Thursday, July 18, 2013

Divine Causality Revisited

First off, I am willing to "define" God as He who shows himself through, and in, the world, and who is good (which is as much a definition as defining you as He who shows himself through that body is a definition of you, but it is kind of helpful). I begin with the premise that God is good. I'm not going to argue for it. Perhaps another time. Now, the world is, itself, corrupted. God is not corrupted. The world is. It's the same as the fact that you aren't sick in your person just because your body is (though there are plenty of cases where your body's sickness makes your person sick in some way, such as being cranky from lack of sleep, but that is because we are embodied in that way, whereas God is, while in a sense embodied, not in that way). The world's corruption is there to show us who God is, though. God is he who shows himself through and in the world, and the world, here, means everything. God shows himself through the world in that whatever occurs in the world only occurs due to his will. He shows himself in the world--he stands in the world--in those places where he is revealed to us.

Did God cause the Holocaust? God does not show himself in the Holocaust, but he does show up in the Holocaust. He made himself appear to people--not necessarily visible, but as surely as if he had--through the events surrounding and including the Holocaust. Here is a counter question: those people who became Christians because of the Holocaust, not because of the horrors of it, really, but because it brought them into contact with people who truly believed and who showed it--who revealed Christ likeness by their way of life--and who were blessed to share the Good News that Christ has dealt with all the evil of the world, even conquering death, were they saved by God, or humans? If humans, then it may be that humans caused the Holocaust. If saved by God, then God saved them in whole, and the Holocaust, as part of that whole, must be considered caused by God. But! This causing is not the sort where one can point at God and say "you killed so many Jews!" Rather, one can only say, "God, all that pain, for human souls? I don't see how it was worth it." And he responds "not yet--look at the Cross where my Son bore all that evil--it is finished." Some will say that the loss of faith for many outweighs the gain of faith for a few, but how can anyone who truly believes ever turn all the way away from Christ? If they fell away, then they never really got it to begin with.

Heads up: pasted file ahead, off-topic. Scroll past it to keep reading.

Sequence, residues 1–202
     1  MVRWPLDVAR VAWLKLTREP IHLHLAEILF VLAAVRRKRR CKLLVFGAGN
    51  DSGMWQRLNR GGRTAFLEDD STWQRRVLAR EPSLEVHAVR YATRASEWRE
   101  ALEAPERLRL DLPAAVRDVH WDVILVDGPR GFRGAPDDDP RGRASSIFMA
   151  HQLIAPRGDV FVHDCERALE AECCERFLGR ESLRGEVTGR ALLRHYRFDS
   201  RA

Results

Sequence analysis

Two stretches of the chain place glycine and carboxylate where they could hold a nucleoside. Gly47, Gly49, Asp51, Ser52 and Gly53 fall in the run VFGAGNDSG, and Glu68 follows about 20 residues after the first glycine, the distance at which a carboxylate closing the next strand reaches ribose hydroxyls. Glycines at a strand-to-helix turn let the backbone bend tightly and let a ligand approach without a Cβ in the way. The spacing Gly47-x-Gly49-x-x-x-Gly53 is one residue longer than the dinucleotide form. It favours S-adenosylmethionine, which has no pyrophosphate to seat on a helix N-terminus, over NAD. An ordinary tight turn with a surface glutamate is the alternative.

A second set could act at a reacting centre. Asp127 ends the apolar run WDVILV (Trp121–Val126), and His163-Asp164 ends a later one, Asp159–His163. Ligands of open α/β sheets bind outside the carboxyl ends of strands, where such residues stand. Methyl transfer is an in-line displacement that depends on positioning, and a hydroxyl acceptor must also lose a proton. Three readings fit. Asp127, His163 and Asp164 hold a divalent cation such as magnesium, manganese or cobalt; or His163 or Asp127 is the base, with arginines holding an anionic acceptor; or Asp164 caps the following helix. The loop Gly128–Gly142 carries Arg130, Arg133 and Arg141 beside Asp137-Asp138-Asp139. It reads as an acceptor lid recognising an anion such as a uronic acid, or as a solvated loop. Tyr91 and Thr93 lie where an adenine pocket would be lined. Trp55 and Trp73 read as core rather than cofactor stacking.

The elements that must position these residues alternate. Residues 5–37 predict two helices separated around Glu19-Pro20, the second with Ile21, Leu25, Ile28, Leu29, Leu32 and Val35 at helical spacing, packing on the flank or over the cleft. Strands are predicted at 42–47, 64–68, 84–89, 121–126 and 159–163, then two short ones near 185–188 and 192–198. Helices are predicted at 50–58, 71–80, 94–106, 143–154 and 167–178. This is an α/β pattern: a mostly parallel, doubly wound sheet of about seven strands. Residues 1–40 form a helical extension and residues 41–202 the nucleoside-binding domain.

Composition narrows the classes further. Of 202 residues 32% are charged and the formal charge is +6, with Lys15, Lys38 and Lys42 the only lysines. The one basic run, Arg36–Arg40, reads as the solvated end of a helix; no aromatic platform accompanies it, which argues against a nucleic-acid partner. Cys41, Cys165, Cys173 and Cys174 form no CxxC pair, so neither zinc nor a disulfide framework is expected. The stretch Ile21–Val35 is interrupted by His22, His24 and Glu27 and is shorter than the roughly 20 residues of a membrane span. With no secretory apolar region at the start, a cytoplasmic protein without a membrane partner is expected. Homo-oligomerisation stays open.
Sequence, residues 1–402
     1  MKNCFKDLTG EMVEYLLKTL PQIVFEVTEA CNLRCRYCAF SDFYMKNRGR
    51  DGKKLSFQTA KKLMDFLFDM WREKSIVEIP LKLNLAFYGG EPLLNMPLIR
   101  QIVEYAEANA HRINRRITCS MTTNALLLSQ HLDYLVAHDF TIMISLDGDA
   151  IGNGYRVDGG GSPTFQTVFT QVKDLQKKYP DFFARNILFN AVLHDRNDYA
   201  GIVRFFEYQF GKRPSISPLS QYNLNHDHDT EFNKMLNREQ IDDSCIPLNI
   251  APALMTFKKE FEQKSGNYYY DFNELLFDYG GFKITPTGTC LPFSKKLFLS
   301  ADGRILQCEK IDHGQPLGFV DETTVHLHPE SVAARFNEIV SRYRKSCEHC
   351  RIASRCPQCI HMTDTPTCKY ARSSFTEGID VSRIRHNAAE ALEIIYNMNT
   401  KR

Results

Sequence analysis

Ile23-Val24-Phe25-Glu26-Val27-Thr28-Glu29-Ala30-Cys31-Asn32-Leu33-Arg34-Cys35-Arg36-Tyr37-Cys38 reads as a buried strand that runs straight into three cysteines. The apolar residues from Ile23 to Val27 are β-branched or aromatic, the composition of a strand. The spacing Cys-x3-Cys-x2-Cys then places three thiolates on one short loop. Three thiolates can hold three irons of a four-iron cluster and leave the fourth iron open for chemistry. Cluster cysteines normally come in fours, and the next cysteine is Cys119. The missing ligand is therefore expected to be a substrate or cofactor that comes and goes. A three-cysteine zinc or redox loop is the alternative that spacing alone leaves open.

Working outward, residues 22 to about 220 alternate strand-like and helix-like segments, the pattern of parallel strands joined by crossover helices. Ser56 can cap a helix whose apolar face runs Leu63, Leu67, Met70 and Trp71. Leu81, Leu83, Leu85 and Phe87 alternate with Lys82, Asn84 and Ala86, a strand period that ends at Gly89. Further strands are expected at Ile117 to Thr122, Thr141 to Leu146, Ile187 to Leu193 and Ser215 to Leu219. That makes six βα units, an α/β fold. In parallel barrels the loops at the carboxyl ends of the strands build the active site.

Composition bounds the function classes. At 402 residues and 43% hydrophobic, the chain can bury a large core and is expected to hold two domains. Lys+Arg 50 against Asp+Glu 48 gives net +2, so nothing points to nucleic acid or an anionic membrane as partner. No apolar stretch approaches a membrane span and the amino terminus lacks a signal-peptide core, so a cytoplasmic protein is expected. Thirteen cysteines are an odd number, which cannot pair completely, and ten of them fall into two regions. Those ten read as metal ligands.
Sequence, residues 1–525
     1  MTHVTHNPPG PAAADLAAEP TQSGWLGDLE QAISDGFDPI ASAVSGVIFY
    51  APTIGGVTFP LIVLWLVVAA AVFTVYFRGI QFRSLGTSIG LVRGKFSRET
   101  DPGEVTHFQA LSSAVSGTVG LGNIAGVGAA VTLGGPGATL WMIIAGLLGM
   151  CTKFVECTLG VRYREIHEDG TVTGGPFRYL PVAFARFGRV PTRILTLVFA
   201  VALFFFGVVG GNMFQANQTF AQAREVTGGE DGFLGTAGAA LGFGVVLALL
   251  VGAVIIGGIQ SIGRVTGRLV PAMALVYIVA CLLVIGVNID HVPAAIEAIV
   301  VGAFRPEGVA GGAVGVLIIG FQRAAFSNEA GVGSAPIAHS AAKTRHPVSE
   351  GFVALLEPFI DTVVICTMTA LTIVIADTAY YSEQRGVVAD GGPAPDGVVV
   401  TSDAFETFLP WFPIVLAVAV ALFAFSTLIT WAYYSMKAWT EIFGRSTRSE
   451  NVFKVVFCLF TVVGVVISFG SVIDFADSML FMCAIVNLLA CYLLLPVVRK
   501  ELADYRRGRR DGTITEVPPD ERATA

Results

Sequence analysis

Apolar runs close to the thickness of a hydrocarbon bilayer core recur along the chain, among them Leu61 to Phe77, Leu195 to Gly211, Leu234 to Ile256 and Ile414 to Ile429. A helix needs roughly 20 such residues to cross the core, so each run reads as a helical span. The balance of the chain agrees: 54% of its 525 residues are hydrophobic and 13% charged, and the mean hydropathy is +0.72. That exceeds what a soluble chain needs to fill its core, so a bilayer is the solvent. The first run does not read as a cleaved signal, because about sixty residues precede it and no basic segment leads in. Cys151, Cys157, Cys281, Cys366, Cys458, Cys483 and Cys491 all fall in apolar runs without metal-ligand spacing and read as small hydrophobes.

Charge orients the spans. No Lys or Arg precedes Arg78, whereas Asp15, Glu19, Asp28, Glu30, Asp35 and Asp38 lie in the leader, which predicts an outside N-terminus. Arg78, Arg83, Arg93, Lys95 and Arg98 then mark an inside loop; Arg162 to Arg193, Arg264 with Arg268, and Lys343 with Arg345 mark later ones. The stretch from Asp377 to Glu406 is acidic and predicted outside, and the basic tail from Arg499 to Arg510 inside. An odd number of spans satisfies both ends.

Does God condemn some to hell, and save others? Well, in the end his actions are all for good. Is anyone's dying and going to hell good on its own? I doubt it, and I don't think God sees it as good either. Yet it happens. On the other hand, anyone being saved is good all on its own. This means they must be distinguished: God does not cause the former in anywhere near the direct way he causes the latter. God shows up in salvation, but not in damnation. Damnation is where we start, he doesn't need to intervene. Even in those places where it appears that God keeps people from seeing him--where he hardens people's hearts, or blinds them, or speaks in parables so that they do not hear and understand--he is not resisting their seeking of him. Those who seek Christ's life will be found in it, while those who seek their own life will find it... to be death. People don't seek God unless he impels them to. They may seek something like God, but it is their own idea of God.

Here: the good reveals God, the bad reveals our need of God, and the redeeming of the bad reveals Christ. And in the end it will all be made good: the bad will be redeemed. God will be glorified above all.

So, I think I believe in single-predestination in the only way that makes sense to me, but I'm not so sure there is a difference between this form of single-predestination and double-predestination where God is yet without fault.

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